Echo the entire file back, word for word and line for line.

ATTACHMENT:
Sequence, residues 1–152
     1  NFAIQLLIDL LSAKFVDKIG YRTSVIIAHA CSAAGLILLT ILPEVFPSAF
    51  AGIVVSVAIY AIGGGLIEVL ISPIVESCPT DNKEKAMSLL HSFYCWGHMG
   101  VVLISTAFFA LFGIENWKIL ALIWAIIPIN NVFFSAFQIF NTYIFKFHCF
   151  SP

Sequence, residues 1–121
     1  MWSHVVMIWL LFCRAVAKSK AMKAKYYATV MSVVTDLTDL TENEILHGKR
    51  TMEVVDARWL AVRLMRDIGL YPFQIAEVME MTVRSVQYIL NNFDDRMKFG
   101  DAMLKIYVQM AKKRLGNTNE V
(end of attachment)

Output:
Sequence, residues 1–152
     1  NFAIQLLIDL LSAKFVDKIG YRTSVIIAHA CSAAGLILLT ILPEVFPSAF
    51  AGIVVSVAIY AIGGGLIEVL ISPIVESCPT DNKEKAMSLL HSFYCWGHMG
   101  VVLISTAFFA LFGIENWKIL ALIWAIIPIN NVFFSAFQIF NTYIFKFHCF
   151  SP

Sequence, residues 1–121
     1  MWSHVVMIWL LFCRAVAKSK AMKAKYYATV MSVVTDLTDL TENEILHGKR
    51  TMEVVDARWL AVRLMRDIGL YPFQIAEVME MTVRSVQYIL NNFDDRMKFG
   101  DAMLKIYVQM AKKRLGNTNE V